We may not yet know how to land a human on an asteroid, as President Obama has challenged NASA and the nation to do by 2025. But a NASA satellite mission called "Dawn," because its mission is to search for information about the dawn of our solar system, has already reached a protoplanet called Vesta in the asteroid belt between Mars and Jupiter -- and is sending back images and data from Vesta daily. We have missions and probes investigating comets, dark matter, black holes, solar flares and other mysterious and powerful phenomena and celestial bodies. We may be using robotic eyes, just as surgeons in one city are now experimenting with doing remote surgery on patients residing somewhere else. But what those eyes are discovering is far more compelling and assumption-shattering than anything the Shuttle ever produced, or the Apollo-era space folk even realized existed.

But exploration of the cosmos -- even through robotic eyes -- still takes an enormous amount of commitment and investment. Which is to say ... money. Federal, government money. Why government money? For the very same reason national laboratories, NASA, and its predecessor, the National Advisory Committee on Aeronautics, were formed in the first place. Private industry has no incentive to invest in endeavors where either: a) the result is greater scientific knowledge or understanding, but nothing that has any hope of a fiscal return on investment, or b) cutting-edge technology whose development is so nascent that its incorporation into commercial products is simply too risky to attempt.

So the disturbing piece of news in Thursday's New York Times was not the article about the ending of the Shuttle program. It was the article just below it (for those of us who still read the print version of our daily newspapers) about the House Appropriations Committee's proposal to cancel the James Webb Space Telescope project -- the follow-on telescope being built to replace the Hubble when the Hubble inevitably wears out.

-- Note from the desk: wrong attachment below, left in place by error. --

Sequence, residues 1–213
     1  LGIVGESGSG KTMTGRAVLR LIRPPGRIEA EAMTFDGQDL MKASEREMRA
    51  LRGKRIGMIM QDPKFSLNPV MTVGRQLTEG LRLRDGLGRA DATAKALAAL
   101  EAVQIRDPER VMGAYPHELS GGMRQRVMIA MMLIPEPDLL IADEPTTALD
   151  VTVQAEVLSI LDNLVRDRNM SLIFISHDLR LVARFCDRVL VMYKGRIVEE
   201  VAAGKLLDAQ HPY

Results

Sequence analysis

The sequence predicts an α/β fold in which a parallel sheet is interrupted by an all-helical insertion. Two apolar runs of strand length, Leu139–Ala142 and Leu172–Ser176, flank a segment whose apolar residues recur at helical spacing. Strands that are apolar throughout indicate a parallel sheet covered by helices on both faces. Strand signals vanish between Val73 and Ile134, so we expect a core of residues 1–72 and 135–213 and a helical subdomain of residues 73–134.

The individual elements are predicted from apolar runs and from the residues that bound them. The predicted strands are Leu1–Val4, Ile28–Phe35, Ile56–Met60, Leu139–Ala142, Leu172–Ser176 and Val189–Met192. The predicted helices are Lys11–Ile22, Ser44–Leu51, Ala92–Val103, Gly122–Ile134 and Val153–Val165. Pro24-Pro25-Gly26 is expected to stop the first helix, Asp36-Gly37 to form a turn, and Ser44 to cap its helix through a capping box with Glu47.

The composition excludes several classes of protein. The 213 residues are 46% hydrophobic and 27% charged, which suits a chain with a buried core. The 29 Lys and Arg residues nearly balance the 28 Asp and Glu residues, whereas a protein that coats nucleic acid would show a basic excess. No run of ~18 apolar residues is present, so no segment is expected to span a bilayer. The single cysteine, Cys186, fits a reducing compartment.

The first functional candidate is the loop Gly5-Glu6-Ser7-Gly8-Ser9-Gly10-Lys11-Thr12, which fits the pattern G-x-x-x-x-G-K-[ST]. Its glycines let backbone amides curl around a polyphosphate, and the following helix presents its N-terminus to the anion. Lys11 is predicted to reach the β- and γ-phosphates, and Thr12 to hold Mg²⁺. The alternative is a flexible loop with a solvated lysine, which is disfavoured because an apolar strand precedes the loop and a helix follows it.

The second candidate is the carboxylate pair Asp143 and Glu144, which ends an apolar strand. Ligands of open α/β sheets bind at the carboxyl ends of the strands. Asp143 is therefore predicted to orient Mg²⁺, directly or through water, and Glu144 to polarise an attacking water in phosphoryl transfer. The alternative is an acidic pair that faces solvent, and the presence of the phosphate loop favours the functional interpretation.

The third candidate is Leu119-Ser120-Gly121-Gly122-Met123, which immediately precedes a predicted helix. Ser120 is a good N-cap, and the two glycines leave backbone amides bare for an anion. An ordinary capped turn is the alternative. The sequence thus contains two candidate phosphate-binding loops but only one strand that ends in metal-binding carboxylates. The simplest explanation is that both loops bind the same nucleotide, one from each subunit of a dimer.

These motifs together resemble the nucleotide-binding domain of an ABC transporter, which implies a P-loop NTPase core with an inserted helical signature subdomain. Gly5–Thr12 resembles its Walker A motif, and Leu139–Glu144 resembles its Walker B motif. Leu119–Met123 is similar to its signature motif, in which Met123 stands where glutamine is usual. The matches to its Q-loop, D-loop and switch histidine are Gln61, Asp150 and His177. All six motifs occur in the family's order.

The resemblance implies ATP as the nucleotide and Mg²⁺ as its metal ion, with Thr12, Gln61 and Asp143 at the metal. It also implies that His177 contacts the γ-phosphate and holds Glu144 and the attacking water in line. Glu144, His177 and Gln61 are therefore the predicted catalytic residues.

Granted, the Webb project is over budget and behind schedule. But it's worth remembering that the Hubble itself was initially supposed to be launched in 1983 and was significantly over budget by the time it actually reached space in 1990 -- and even then, it still had a defective mirror needing repair. Yet, the Hubble is now one of the few space efforts most people agree was a spectacularly productive investment and achievement, even with those problems. It's estimated that the Webb telescope will require $1.5 billion to complete. But to put that amount in perspective, that's only the equivalent of three Space Shuttle launches. And the Webb telescope holds the promise of far more return on investment, as far as frontier-expanding knowledge is concerned, than most of the Shuttle missions combined.

The Webb is in danger, of course, because of the current budget-cutting fervor on Capitol Hill -- a subject with many tentacles and complexities that go far beyond funding a space telescope. But I think it's worth pointing out that the great achievements of the Apollo Era, which we look back on so nostalgically, and yearn for so pointedly ... took place in a very different federal budget and tax environment. In 1961, when President Kennedy made his famous moon challenge, the top tax rate for the wealthiest individuals in America was approximately 90%, and federal tax revenues totaled 17.8% of the GDP, according to the Office of Management and Budget. In 1966, when the top individual tax rate was reduced to 70%, tax revenues were still 17.3% of GDP. In 2010, the top tax rate for individuals was 35%, and federal tax revenues totaled only 14.9% of the GDP -- the lowest percentage in over half a century, and a number that the OMB estimates will drop even further in 2011.